dimanche 25 septembre 2011

Les relations israélo-grecques en difficulté : le ministre des Affaires étrangères grec Stavros Lambrinidis affirme que son pays soutient la reconnaissance de l'Etat palestinien à l'ONU

Greek FM: Greece backs Palestinian statehood bid
09/24/2011 | 12:20 PM

UNITED NATIONS — Greek Foreign Minister Stavros Lambrinidis told the United Nations General Assembly on Friday that his country fully supports the Palestinians bid for a UN statehood recognition.


"Greece supports unequivocally Palestine's right to statehood. It is now our responsibility, the responsibility of every member-state of the UN, to respect the Palestinian decision to request membership, and more importantly, to turn this into an opportunity that will jump-start anew direct negotiations," said Lambrinidis.

Last Friday, Palestinian President Mahmoud Abbas asked the United Nations to recognize a state for his people, a move rejected by Israel and the United States, who say only a negotiated peace settlement can lead to a Palestinian state.

Lambrinidis also touched on the controversy between his country and Turkey over gas exploration of Cyprus.

"We are deeply concerned by the recent threats and hostile actions against the Republic of Cyprus by our neighbor Turkey," he said.

Regional tension rose after Cyprus's Greek Cypriot government announced last Tuesday that drilling had begun in a southeast offshore area adjoining a gas field in Israeli waters reputed to be the world's largest find in the past decade.

In retaliation, Turkey and the Turkish Cypriot administration signed their own continental shelf agreement on Wednesday (September 21), permitting state-run Turkish Petroleum Corporation (TPAO) to start exploration north of the island.

"Turkey's threats and actions of the past few days and weeks are contrary to international law, and they must cease. We believe that the path of tension is a wrong and dangerous path," said Lambrinidis.

Turkish oil exploration vessel on Friday left the Aegean port of Izmir on Friday to carry out surveys off northern Cyprus amid tensions with Greek Cypriots on the divided island over rights to hydrocarbon reserves in the eastern Mediterranean.

Turkey contests an Cypriot-Israeli accord signed last year to create exclusive economic zones in the waters between them.

It also argues that Cyprus should not be exploiting natural resources until a settlement is reached between the Greek Cypriot government and a breakaway Turkish Cypriot state for the reunification of the island, and that any revenues should benefit both communities.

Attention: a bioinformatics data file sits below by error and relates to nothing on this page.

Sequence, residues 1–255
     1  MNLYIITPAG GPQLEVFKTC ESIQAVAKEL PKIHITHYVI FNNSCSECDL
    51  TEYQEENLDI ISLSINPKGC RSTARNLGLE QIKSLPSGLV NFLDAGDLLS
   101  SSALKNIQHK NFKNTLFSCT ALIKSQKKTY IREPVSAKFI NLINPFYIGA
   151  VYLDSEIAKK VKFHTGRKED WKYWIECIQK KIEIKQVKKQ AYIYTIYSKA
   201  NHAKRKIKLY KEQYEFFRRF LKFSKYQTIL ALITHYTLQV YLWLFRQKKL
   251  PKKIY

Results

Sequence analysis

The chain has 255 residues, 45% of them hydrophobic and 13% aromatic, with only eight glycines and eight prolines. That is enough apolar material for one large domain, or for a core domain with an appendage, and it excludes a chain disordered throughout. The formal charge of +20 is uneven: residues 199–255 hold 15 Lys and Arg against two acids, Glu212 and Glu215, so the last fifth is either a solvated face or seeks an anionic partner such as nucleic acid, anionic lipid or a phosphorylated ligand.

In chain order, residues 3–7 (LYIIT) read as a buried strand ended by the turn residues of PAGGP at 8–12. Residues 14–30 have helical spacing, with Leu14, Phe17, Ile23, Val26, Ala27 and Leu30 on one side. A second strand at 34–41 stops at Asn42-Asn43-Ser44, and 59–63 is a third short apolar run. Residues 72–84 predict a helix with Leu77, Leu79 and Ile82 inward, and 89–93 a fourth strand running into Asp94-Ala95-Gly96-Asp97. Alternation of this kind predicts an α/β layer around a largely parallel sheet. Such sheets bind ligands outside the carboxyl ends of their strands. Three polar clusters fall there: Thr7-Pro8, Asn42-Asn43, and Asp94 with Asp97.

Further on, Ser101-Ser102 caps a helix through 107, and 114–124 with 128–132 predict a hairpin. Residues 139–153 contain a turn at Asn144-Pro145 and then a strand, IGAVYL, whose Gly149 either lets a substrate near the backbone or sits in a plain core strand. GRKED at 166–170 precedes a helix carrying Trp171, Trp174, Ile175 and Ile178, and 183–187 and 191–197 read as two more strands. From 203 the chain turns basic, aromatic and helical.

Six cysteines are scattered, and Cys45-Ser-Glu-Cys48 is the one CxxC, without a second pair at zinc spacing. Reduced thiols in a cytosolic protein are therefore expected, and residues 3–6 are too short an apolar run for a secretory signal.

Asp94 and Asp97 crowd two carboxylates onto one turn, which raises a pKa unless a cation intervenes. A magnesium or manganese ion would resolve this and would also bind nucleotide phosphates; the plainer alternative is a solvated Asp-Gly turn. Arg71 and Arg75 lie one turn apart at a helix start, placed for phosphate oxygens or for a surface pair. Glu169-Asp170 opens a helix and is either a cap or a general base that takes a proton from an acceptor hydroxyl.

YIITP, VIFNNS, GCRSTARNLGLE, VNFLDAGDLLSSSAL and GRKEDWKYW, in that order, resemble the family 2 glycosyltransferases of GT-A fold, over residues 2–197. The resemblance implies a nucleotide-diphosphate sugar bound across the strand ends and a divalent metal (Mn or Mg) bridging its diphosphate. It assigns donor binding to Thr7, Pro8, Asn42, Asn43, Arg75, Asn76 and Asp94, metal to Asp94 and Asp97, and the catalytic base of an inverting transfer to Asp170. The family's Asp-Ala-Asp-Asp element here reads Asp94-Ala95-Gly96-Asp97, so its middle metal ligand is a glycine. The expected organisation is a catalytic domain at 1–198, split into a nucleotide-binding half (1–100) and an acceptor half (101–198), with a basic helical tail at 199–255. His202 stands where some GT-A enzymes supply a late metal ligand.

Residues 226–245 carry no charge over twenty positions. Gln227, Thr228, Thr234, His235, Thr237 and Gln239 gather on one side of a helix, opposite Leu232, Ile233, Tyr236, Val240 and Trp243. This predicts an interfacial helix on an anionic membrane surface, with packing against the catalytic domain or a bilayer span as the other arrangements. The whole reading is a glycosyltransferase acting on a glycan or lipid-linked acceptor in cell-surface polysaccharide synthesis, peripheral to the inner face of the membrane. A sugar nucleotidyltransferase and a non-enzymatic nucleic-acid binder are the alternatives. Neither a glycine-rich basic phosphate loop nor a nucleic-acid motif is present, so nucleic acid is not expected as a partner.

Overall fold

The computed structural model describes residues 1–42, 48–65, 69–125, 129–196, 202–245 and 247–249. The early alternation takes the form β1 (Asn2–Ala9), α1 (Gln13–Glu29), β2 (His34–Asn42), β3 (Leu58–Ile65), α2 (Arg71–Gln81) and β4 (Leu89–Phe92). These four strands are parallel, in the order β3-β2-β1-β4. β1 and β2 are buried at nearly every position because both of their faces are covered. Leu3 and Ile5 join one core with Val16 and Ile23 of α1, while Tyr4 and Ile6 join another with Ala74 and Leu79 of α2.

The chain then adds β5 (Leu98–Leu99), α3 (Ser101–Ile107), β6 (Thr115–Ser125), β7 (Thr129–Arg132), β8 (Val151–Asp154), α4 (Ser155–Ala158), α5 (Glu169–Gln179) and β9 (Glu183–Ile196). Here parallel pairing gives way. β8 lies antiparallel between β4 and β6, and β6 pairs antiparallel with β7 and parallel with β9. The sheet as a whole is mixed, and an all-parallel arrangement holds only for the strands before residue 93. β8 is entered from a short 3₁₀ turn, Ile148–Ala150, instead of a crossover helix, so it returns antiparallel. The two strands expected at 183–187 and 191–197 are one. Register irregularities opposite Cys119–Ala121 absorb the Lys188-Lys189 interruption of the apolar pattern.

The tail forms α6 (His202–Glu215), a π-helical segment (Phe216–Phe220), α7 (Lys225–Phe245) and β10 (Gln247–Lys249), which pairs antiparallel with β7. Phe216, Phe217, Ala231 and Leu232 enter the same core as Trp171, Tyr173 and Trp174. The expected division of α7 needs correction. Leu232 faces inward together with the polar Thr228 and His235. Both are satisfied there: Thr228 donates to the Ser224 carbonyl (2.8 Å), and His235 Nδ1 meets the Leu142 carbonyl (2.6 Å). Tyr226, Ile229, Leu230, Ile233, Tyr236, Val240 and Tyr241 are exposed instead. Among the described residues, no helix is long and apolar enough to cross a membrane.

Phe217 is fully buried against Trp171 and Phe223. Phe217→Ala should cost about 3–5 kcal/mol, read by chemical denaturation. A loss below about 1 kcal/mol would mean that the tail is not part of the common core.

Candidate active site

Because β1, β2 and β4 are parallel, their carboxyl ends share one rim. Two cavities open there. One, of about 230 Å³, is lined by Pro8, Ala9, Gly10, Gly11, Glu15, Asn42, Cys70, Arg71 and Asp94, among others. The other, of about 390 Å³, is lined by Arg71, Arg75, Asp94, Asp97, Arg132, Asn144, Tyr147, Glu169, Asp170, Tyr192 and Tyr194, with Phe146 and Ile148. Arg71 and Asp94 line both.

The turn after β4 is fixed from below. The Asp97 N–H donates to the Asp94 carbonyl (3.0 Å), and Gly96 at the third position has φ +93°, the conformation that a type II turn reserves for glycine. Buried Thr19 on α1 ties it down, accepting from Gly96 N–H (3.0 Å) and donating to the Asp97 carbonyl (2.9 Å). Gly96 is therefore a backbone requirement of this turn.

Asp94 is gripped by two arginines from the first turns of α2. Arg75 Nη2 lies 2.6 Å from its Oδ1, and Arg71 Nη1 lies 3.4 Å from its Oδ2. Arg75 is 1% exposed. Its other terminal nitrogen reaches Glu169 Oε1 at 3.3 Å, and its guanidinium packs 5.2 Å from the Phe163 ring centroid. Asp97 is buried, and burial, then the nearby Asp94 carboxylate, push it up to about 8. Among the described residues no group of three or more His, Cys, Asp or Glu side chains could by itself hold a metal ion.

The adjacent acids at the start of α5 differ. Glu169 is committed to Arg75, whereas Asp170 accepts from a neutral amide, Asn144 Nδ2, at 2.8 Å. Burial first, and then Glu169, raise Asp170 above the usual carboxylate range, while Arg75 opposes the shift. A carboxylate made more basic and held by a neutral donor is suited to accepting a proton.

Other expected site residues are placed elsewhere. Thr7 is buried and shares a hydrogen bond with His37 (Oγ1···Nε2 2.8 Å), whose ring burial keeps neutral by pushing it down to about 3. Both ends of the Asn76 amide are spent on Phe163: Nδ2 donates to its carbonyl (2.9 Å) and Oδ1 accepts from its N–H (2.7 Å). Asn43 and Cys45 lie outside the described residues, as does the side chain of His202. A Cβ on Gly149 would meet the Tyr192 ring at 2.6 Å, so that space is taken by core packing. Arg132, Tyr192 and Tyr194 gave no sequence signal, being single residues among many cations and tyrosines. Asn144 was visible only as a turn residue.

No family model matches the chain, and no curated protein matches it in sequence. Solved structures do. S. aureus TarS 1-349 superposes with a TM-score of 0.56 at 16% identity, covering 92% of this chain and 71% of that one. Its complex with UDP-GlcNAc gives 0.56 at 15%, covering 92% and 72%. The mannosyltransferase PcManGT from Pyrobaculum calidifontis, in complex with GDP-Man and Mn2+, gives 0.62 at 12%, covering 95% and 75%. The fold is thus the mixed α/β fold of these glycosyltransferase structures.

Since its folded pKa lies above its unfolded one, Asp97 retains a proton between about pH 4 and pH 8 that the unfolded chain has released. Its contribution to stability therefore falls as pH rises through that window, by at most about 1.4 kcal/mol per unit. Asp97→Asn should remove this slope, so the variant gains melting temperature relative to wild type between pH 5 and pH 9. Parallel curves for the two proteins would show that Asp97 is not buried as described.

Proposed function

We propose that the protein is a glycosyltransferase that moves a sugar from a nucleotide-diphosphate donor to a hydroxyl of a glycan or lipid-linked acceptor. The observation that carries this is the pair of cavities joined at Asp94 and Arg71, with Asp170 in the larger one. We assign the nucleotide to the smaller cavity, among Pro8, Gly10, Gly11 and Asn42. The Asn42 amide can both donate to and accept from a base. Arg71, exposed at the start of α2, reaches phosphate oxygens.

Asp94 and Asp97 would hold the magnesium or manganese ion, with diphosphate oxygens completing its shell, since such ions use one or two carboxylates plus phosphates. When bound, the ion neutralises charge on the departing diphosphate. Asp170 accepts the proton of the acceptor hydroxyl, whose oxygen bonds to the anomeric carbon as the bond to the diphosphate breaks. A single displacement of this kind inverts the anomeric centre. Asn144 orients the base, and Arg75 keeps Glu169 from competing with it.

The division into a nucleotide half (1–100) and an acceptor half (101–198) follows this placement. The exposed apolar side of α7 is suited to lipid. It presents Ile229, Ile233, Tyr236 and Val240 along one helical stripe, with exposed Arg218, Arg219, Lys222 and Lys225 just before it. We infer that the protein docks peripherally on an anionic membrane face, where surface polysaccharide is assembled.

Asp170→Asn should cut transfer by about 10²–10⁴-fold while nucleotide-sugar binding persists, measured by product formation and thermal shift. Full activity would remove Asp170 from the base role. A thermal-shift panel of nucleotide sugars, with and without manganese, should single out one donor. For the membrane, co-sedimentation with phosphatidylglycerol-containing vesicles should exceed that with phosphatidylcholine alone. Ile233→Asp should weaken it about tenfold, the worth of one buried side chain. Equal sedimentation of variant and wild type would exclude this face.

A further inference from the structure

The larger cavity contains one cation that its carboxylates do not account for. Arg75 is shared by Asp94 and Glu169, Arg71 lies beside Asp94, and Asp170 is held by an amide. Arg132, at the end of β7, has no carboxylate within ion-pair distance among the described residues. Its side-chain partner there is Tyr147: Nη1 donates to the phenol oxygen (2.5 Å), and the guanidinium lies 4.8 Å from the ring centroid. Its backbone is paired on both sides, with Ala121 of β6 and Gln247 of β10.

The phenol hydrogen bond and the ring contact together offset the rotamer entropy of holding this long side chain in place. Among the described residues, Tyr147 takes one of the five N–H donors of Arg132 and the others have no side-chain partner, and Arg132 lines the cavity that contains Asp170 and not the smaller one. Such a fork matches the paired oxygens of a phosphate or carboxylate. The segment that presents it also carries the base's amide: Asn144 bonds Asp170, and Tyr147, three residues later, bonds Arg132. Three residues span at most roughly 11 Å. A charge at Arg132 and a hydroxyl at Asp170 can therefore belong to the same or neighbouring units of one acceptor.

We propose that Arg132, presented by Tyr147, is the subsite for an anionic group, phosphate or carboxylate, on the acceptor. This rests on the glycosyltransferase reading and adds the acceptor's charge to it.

Lambrinidis also said the time has come for his country and Macedonia to finally resolve the disagreement they have over the former breakaway region of Yugoslavia's rights to use the name "Macedonia."

Macedonia and Greece have been at loggerheads since Skopje declared independence from then-federal Yugoslavia in 1991.

Greece objects to the name Macedonia, saying it implies a claim to its northern province and has argued the ICJ has no jurisdiction to hear the case.

"Another issue that needs our attention is that of the name of the Former Yugoslav Republic of Macedonia. Which is not really, and never has been, a "name" issue per se, but instead a sincere effort to ensure that, in our volatile region, we once and for all put behind us notions of irredentism, of attempting to re-write history and borders," said Lambrinidis.

"Greece believes and has repeatedly stated that the solution lies in a fair compromise, in a name with a geographical qualifier," said Lambrinidis, adding "We want to resolve this issue so that we can finally realize the huge potential of our relationship, on the basis of openness and honesty."

So far United Nations talks have failed to resolve the deadlock.

Lambrinidis waited until the end of his speech to briefly touched on the financial problems facing his country.

"Economic development and fair distribution of wealth are key prerequisites for long-term stability and security. My country, in the midst of its own worst financial and economic crisis in recent history, has not only not shut itself in its shell, but remains a leading investor in our region, especially in the Western Balkans, contributing to the creation of tens of thousands of jobs," said Lambrinidis.

He didn't specifically mention Greece's potential debt default that has left markets reeling around the world.

Greece is in tense talks with the International Monetary Fund and European authorities, known as the troika, to secure a new 8 billion-euro installment of its rescue package to avoid bankruptcy in October in return for austerity measures.

Negotiators have expressed frustration at what they say is Greece's slow pace. — Reuters
Source : http://www.gmanews.tv/story/233320/world/greek-fm-greece-backs-palestinian-statehood-bid